OK, so I haven’t read the full agreement, but I’m having a hard time seeing what we lose by ratifying the treaty negotiated with Iran.
We get information, reductions in enrichment capacity and open examination of formerly hidden facilities. We get a commitment that can be verified, that Iran will not pursue a nuclear weapon during the term of the contract.
But most importantly, Iran re-enters the global marketplace, which will cause trade in both directions to dramatically increase.
The world gets access to over 90 million consumers, who should have rising incomes due to increases in exports, access to capital and the ability of Iran to broaden its reserves of foreign currencies, one of which will no doubt be the dollar.
And we want everyone to want dollars, right? Sure, a strong dollar reduces multinational revenues from other currencies, for those organizations that have global operations. But a strong dollar also makes our sovereign debt cheaper than what it would be if world confidence in our buck went down.
A strong dollar, widely coveted, also makes it much easier to require contracts to be in dollars, which again reinforces the value of our currency. In terms of economic influence on the rest of the world’s nations, the country whose currency is preferred wins.
Trade with Iran, as in any relationship built on exchange of value, requires a melding of cultures to some degree. Cultural melding can be dramatic and rapid, such as when China absorbed the capitalistic seed crystal called Hong Kong in 1997. Next came free trade zones in the southeast of China. Then came Gucci, BMW, Starbucks and, yes, WD-40 Company.
China today is unrecognizable from the China of 1965, when Mao Zedong readied the Cultural Revolution, which lasted from 1966 to 1976, and created a society bereft of brains, food, security or hope.
History is rife with examples of former enemies coming together to form economic relationships. Those treaties built on economics are harder to get started, but once they have a chance to germinate, the grafted plant is resilient and resistant to returning to mutual animosities.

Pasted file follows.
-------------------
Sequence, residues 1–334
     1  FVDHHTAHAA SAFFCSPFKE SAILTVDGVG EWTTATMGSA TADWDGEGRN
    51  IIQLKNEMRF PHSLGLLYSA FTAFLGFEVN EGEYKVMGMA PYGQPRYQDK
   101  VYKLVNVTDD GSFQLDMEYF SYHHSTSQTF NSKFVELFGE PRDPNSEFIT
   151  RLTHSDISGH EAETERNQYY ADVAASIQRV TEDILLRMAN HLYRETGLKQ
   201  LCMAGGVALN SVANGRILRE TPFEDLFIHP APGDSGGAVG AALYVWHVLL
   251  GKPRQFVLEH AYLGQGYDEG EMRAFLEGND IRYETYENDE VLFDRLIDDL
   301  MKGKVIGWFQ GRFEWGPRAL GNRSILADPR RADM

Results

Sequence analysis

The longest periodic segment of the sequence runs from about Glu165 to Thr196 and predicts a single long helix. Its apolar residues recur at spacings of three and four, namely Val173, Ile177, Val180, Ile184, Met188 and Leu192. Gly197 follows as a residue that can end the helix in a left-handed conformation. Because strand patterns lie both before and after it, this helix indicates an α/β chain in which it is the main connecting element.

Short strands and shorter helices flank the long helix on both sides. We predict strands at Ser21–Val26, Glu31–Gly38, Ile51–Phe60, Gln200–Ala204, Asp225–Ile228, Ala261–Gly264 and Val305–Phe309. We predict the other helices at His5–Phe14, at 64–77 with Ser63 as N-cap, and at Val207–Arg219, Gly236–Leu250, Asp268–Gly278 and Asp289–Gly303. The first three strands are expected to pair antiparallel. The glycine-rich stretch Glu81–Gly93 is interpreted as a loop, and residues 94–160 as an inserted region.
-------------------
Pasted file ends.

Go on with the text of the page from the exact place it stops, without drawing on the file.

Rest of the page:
So the resumption of economic ties between the “West” and Iran will affect Iran’s culture and reduce its motivations to antagonize its economic partners. It may not be a huge impact right away, but it won’t be long, perhaps just a few years, and we’ll be vacationing in Tehran, just like we’re about to in Havana, using our world’s best currency to get bargains and make new friends.
And what is the downside? Even if Iran tries to develop a deliverable nuclear weapon, we have a much better chance with this agreement of identifying that fact. Even if it is indeed a fact, we still have all the other options available to us, which we truly don’t want to have to use, i.e., military action.
Smarter people than me, more experienced and knowledgeable of the complexities involved, probably can offer cogent arguments against this next step in reducing hostilities and providing some chance for improving peace in the world. I’d like to hear from them.
If the pundits and “experts” quoted in the media represent the only arguments that exist, however, I think there must be something else behind the opposition to this agreement.
Perhaps we should ask, “Who loses in the deal?” Who has a vested interest in keeping things the way they are? Well, peace is seldom good news for suppliers of weapons and other military goods. And peace with Iran would threaten the employment of jihadists all over the globe.
If Iran is a financier of conflicts today, and decides to put the money into, say, improving Iran’s infrastructure and investing in industrial growth, then many fighters will be getting a pink slip in their pay packets. Hamas will be bummed.
North Korea probably doesn’t like the idea of Iran getting cozier with its sworn enemy (the United States) and possibly reneging on supplying missile systems to carry its warheads.
Israel doesn’t like the deal or, rather, I should say Netanyahu doesn’t. Several senior leaders of current and former Israeli governments support the agreement, such as Efraim Halevy, whom Netanyahu appointed to head the Mossad (the Israeli CIA) in 1998. Netanyahu’s longevity in office is probably dependent upon his delivering campaign promises to his financial backers — just like in this country.
Our legislature’s debates between elected officials regarding this agreement will be a proxy battle between the interest groups that financed those officials to gain office. It would be interesting if some investigative journalist could dissect the campaign donor history of those on both sides of the question, and see if there’s a common set of factors describing the interests behind their votes.
I hope the deal gets done, and stays done through the next presidency. It would be a significant change in global politics and could disrupt the funding of proxy wars through “extremist” groups. Economic treaties are always stronger and last longer than military treaties, which are just compliance under threat.